Chapter II. On the Road Once More

All was bustle and excitement.

Men were rushing here and there, shouting out hoarse commands. Elephants were trumpeting shrilly, horses neighing; while, from many a canvas-wrapped wagon savage beasts of the jungle were emitting roar upon roar, all voicing their angry protest at being removed from the winter quarters where they had been at rest for the past six months.

The Great Sparling Combined Shows were moving out for their long summer's journey. The long trains were being rapidly loaded when Phil Forrest and Teddy Tucker arrived on the scene late in the afternoon.

It was all new and strange to them, unused as they were to the ways of a railroad show. Their baggage had been sent on ahead of them, so they did not have that to bother with. Each carried a suitcase, however, and the boys were now trying to find someone in authority to ask where they should go and what they should do.

"Hello, Phil, old boy!" howled a familiar voice.

"Who's that?" demanded Teddy.

"Why, it's Rod Palmer, our working mate on the rings!" cried Phil, dropping his bag and darting across the tracks, where he had espied a shock of very red hair that he knew could belong only to Rodney Palmer.

Teddy strolled over with rather more dignity.

"Howdy?" he greeted just as Phil and the red-haired boy were wringing each other's hands. "Anybody'd think you two were long lost brothers."

"We are, aren't we, Rod?" glowed Phil.

"And we have been, ever since you boys showed me the brook where I could wash my face back in that tank town where you two lived. That was last summer. Seems like it was yesterday."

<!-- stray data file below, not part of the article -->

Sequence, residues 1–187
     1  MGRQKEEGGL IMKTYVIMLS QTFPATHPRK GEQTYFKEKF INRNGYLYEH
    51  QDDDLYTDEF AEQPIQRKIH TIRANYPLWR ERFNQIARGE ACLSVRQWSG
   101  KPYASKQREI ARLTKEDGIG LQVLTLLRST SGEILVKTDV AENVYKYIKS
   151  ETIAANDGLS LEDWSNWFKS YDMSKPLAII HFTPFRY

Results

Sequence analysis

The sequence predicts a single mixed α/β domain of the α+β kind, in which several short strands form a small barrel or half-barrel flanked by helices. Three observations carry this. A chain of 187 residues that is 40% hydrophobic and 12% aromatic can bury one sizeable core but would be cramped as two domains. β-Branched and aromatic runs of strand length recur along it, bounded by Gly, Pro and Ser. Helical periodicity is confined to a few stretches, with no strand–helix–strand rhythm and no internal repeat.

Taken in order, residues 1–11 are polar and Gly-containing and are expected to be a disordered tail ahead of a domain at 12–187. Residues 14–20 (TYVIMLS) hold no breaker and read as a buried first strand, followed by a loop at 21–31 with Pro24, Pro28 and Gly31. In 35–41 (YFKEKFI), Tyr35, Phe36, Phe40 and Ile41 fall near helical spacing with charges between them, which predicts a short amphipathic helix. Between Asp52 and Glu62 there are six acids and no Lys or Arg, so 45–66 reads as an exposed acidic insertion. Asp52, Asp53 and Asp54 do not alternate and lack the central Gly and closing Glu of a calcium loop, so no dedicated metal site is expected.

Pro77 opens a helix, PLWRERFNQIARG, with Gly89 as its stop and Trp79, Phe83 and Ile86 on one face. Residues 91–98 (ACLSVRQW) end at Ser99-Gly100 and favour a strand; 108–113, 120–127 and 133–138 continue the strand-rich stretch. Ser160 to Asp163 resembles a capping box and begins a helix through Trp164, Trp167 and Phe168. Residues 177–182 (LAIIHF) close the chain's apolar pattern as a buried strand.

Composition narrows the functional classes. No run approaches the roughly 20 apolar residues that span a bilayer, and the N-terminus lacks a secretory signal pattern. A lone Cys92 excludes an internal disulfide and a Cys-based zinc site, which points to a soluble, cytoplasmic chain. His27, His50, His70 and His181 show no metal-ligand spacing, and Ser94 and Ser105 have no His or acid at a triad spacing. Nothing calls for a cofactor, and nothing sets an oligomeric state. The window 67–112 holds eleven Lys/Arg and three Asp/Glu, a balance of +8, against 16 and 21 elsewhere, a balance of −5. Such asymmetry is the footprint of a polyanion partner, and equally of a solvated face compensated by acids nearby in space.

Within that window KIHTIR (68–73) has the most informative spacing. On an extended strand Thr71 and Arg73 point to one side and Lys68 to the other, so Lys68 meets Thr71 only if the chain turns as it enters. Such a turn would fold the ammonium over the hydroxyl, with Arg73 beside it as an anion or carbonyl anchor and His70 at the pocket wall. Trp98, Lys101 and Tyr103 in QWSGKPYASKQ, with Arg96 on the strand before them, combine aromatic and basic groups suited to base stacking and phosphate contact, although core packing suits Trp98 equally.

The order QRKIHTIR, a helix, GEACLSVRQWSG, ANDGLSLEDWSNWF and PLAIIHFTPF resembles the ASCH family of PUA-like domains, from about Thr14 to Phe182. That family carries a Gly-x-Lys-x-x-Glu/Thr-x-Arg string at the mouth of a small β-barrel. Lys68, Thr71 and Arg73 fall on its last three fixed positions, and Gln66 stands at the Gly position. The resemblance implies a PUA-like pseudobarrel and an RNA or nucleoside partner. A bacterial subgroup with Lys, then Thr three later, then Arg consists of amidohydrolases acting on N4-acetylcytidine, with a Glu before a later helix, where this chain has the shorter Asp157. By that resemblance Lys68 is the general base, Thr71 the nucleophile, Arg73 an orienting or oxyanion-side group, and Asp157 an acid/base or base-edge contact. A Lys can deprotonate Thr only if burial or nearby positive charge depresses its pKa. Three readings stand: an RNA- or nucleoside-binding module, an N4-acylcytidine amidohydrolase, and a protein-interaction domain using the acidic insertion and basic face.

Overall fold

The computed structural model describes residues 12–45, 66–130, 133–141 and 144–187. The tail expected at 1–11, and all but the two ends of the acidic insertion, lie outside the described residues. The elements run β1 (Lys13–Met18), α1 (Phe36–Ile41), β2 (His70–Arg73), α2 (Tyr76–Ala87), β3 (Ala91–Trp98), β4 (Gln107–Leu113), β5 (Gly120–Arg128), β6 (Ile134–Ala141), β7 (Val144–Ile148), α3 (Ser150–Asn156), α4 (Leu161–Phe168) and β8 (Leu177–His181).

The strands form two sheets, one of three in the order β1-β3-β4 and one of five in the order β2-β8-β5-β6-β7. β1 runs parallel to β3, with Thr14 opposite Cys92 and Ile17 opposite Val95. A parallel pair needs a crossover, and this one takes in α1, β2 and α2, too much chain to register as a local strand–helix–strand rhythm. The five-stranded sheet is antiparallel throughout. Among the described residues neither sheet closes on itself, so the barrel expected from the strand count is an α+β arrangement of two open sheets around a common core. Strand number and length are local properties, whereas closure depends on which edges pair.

"Yes, and we work together again, I hear? I'm glad of that. I guess you've been doing something this winter," decided Rodney, after a critical survey of the lads. "You sure are both in fine condition. Quite a little lighter than you were last season, aren't you, Phil?"

"No; I weigh ten pounds more."

"Then you must be mighty hard."

"Hard as a keg of nails, but I hope not quite so stiff," laughed Phil.

"What you been working at?"

"Rings, mostly. We've done some practicing on the trapeze. What did you do all winter?"

"Me? Oh, I joined a team that was playing vaudeville houses. I was the second man in a ring act. Made good money and saved most of it. Why didn't you join out for the vaudeville?"

"We spent our winter at school," answered Phil.

"That's a good stunt at that. In the tank town, I suppose?" grinned the red-haired boy.

"You might call it that, but it's a pretty good town, just the same," replied Phil. "I saw many worse ones while we were out last season."

"And you'll see a lot more this season. Wait till we get to playing some of those way-back western towns. I was out there with a show once, and I know what I'm talking about. Where are you berthed?"

"I don't know," answered Phil. "Where are you?"

"Car number fourteen. Haven't seen the old man, then?"

"Mr. Sparling? No. And I want to see him at once. Where shall I find him?"

"He was here half an hour ago. Maybe he's in his office."

"Where is that?"

"Private car number one. Yes; the old man has his own elegant car this season. He's living high, I tell you. No more sleeping out in an old wagon that has no springs. It will be great to get into a real bed every night, won't it?"

Teddy shook his head doubtfully.

"I don't know 'bout that."

"I should think it would be pretty warm on a hot night," nodded Phil.

"And what about the rainy nights?" laughed Rodney. "Taking it altogether, I guess I'll take the Pullman for mine--"

"There goes Mr. Sparling now," interjected Teddy.


"Just climbing aboard a car. See him?"

"That's number one," advised Rodney. "Better skip, if you want to catch him. He's hard to land today. There's a lot for him to look after."

"Yes; come on, Teddy. Get your grip," said Phil, hurrying over to where he had dropped his suitcase.

"But it's going to be a great show," called Rodney.

"Especially the flying-ring act," laughed Phil.

A few minutes later both boys climbed aboard the private car, and, leaving their bags on the platform, pushed open the door and entered.